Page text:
As in the opening of the Declaration of Independence: "whenever any Form of Government becomes destructive of these ends, it is the Right of the People to alter or to abolish it, and to institute new Government, laying its foundation on such principles and organizing its powers in such form, as to them shall seem most likely to effect their Safety and Happiness."

Surely, that cannot be done without arms. I mean, in some Utopia it could, but we're humans, and governments rarely change without bloodshed. That's why they don't change for "light and transient causes," as Jefferson writes later in the paragraph. We, as individuals, not as state-regulated militias, need the power to both protect ourselves from criminals AND from our criminal government, should it become so.

Forgive me for sucking up.

I've followed this blog from almost its birth. I live in a Midwest city where you've worked, but we've never met and I doubt we ever will. I'm not a copy editor (two words, not one, right?), but I check in often because the entries are extraordinarily well written and the commenters generally offer something worth reading too.

Your faithful dedication to maintaining this blog demonstrates a level of unselfishness that few can match. And your devotion to the craft of copy editing advances this country's fourth estate. Such dedication and devotion (and more) are proof positive of your honesty as a U.S. citizen.

Thank you for continuing to host this blog.


I think you've been very fair and even handed through the whole ordeal. My compliments on being willing to open the can to see and enumerate exactly what kind of worms were inside.

Hi again

Oh, but, about that: "Do you who talk about the militia including all adult citizens seriously want a horde of untrained civilians going about armed during some general crisis?"

Well - look what I found at the Cornell University Law School US Code Collection website:

TITLE 10 > Subtitle A > PART I > CHAPTER 13 > § 311

§ 311. Militia: composition and classes

(a) The militia of the United States consists of all able-bodied males at least 17 years of age and, except as provided in section 313 of title 32, under 45 years of age who are, or who have made a declaration of intention to become, citizens of the United States and of female citizens of the United States who are members of the National Guard.
(b) The classes of the militia are—
(1) the organized militia, which consists of the National Guard and the Naval Militia; and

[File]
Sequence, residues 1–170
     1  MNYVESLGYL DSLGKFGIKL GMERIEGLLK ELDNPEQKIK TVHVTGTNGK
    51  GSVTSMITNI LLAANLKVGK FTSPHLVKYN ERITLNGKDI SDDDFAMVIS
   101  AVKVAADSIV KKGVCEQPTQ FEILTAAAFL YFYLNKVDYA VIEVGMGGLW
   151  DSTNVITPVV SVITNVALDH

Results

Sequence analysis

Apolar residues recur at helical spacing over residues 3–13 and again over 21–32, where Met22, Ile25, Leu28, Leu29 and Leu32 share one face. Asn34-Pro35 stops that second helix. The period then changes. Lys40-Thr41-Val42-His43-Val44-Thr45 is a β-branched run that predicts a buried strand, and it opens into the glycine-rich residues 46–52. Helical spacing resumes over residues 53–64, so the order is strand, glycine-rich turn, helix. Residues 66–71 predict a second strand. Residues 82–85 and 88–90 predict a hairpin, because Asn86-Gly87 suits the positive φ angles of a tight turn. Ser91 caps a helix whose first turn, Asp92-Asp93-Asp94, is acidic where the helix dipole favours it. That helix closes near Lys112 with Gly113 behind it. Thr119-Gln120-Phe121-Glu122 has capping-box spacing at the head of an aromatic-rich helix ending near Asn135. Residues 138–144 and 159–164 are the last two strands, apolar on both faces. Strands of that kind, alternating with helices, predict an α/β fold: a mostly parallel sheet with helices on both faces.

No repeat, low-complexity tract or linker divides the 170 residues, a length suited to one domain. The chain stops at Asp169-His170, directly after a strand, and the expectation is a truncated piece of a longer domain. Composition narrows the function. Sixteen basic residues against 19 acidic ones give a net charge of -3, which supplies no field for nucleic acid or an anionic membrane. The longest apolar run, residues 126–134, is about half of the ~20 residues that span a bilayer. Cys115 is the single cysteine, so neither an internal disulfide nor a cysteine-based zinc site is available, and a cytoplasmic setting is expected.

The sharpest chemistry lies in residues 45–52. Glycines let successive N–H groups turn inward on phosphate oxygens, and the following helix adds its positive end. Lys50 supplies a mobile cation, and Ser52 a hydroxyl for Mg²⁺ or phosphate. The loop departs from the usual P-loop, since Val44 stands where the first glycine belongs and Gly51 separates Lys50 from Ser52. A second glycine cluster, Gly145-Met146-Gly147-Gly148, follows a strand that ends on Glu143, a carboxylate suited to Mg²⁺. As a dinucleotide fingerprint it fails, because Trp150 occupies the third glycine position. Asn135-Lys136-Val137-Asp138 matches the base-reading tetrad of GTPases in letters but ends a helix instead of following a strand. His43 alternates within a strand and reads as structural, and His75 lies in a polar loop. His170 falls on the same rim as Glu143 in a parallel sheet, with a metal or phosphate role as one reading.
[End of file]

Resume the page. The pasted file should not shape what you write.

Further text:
(2) the unorganized militia, which consists of the members of the militia who are not members of the National Guard or the Naval Militia.

(Section 313 of title 32 says that, if you are former Regular Army, Navy Air Force or Marine, you can be in the National Guard until you're 64.)

Looks like you're stuck, sir, unorganized though we may be.

I suspect the 2nd Amendment is actually irrelevant to the situation we have today in America. Denise may well be right that the Framers were concerned about the federal government getting out of hand and so wanted to ensure that the people would be able to resist governmental tyranny. If that is the point of the 2nd Amendment, then in the context of today's world, this would mean that the right to bear arms would mean the right to bear such arms as can oppose a national army, i.e., the right to bear mortars and machine guns and bombs, etc. No reasonable person wants that. But in the 18th century, the ordinary man and the organized army were not so different when it came to the kind of weaponry they could get their hands on. So then the 2nd Am. made sense.

For this reason, I think people should stop debating the 2nd Amendment and consign it to the history books. We should focus rather on what most of us can all agree on, and this is in fact considerable:
1. Most reasonable people believe that there should be some restriction (i.e. infringement) on keeping and bearing arms. Does anyone reasonably advocate the people's right to bear bombs, mortars, nuclear warheads, etc.? Similarly, few would allow guns of any sort to be sold to the mentally ill, known psychotics, etc. -- though this is another infringement on the people's right. We also generally agree that gun owners should be licensed, and licensing, too, represents an infringement (in the strictest sense of the word).
2. Most reasonable people believe that some kinds of guns should be permitted to people who qualify as reponsible gun owners (e.g. hunting rifles and shotguns are both allowed under the disputed DC law).

So the question is not whether or not the right of the people to keep and bear arms should be infringed, but rather, how and to what degree it should be infringed and in regard to what sort of arms.